7th International Conference on Pervasive Computing Technologies for Healthcare

Research Article

Unobtrusive Sleep Monitoring using Smartphones

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  • @INPROCEEDINGS{10.4108/icst.pervasivehealth.2013.252148,
        author={Zhenyu Chen and Mu Lin and Fanglin Chen and Nicholas Lane and Giuseppe Cardone and Rui Wang and Tianxing Li and Yiqiang Chen and Tanzeem Choudhury and Andrew Cambell},
        title={Unobtrusive Sleep Monitoring using Smartphones},
        proceedings={7th International Conference on Pervasive Computing Technologies for Healthcare},
        keywords={mhealth activity recognition sleep monitoring smartphone sensing},
  • Zhenyu Chen
    Mu Lin
    Fanglin Chen
    Nicholas Lane
    Giuseppe Cardone
    Rui Wang
    Tianxing Li
    Yiqiang Chen
    Tanzeem Choudhury
    Andrew Cambell
    Year: 2013
    Unobtrusive Sleep Monitoring using Smartphones
    DOI: 10.4108/icst.pervasivehealth.2013.252148
Zhenyu Chen1,*, Mu Lin1, Fanglin Chen1, Nicholas Lane2, Giuseppe Cardone3, Rui Wang1, Tianxing Li1, Yiqiang Chen4, Tanzeem Choudhury5, Andrew Cambell1
  • 1: Dartmouth College
  • 2: Microsoft Research Asia
  • 3: University of Bologna
  • 4: Chinese Academy of Sciences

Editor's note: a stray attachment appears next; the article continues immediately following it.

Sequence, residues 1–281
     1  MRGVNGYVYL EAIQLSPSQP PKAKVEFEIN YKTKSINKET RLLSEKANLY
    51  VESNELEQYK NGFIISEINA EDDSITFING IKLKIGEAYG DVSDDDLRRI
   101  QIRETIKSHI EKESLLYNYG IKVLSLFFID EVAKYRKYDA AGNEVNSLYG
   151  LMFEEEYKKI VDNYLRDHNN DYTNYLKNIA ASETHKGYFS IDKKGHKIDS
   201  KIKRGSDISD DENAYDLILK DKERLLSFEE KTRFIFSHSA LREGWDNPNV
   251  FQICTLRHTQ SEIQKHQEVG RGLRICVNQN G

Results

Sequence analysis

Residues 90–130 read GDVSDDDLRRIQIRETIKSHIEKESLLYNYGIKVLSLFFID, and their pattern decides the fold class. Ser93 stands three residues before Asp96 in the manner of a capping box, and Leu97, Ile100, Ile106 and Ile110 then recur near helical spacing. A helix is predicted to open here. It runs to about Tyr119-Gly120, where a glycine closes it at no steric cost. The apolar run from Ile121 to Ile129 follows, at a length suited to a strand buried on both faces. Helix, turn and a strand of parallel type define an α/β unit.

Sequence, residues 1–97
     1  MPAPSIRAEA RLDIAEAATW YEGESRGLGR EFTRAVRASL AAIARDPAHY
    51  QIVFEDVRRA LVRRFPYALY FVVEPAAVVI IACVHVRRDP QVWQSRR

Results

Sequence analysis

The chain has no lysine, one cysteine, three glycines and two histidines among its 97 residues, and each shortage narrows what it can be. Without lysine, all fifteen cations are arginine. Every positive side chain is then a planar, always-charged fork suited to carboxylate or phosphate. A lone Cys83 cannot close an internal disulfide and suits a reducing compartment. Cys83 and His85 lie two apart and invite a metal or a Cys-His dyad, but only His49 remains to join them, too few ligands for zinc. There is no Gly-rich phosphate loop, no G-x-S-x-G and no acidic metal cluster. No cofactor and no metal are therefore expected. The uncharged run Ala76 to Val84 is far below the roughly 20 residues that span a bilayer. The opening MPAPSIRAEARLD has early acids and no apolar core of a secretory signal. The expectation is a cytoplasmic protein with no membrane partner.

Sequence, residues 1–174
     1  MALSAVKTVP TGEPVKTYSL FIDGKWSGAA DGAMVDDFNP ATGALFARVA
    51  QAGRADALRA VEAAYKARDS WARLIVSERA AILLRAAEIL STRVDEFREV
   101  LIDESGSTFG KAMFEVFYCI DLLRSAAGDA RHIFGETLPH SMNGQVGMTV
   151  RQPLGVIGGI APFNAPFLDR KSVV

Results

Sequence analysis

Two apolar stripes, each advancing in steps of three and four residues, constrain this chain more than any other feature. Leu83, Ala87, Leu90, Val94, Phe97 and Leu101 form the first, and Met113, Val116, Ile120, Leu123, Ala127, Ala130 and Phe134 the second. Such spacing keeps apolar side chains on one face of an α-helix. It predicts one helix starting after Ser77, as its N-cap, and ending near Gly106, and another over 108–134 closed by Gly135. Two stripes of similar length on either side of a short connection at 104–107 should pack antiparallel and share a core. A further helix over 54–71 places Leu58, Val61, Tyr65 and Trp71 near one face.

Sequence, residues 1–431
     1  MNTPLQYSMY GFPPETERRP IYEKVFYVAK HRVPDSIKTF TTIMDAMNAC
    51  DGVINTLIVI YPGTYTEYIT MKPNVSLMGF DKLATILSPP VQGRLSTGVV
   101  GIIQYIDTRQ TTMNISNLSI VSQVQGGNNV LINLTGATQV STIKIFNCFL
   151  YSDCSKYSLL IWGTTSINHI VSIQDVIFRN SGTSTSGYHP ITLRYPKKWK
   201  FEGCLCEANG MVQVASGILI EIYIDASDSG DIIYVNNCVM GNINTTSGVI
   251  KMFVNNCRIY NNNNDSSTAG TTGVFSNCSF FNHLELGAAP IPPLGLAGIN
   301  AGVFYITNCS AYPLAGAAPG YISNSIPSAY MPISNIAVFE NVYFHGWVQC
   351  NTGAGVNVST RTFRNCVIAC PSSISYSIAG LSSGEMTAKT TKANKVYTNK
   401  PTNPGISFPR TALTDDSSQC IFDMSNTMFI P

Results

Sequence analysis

• 5: Cornell University
*Contact email: Zhenyu.Chen@Dartmouth.edu


How we feel is greatly influenced by how well we sleep. Emerging quantified-self apps and wearable devices allow people to measure and keep track of sleep duration, patterns and quality. However, these approaches are intrusive, placing a burden on the users to modify their daily sleep related habits in order to gain sleep data; for example, users have to wear cumbersome devices (e.g., a headband) or inform the app when they go to sleep and wake up. In this paper, we present a radically different approach for measuring sleep duration based on a novel best effort sleep (BES) model. BES infers sleep using smartphones in a completely unobtrusive way – that is, the user is removed from the monitoring process and does not interact with the phone beyond normal user behavior. A sensor-based inference algorithm predicts sleep duration by exploiting a collection of soft hints that tie sleep duration to various smartphone usage patterns (e.g., the time and length of recharge events) and environmental observations (e.g., prolonged silence and darkness). We perform detailed comparisons between two smartphone only approaches that we developed (i.e., BES model and a sleep-with-the-phone approach) and two commercial wearable systems (i.e., the Zeo headband and Jawbone wristband). Results from our one-week 8-person study show that BES can accurately infer sleep duration using a completely “hands off” approach that can cope with the natural variation in users’ sleep routines and environments.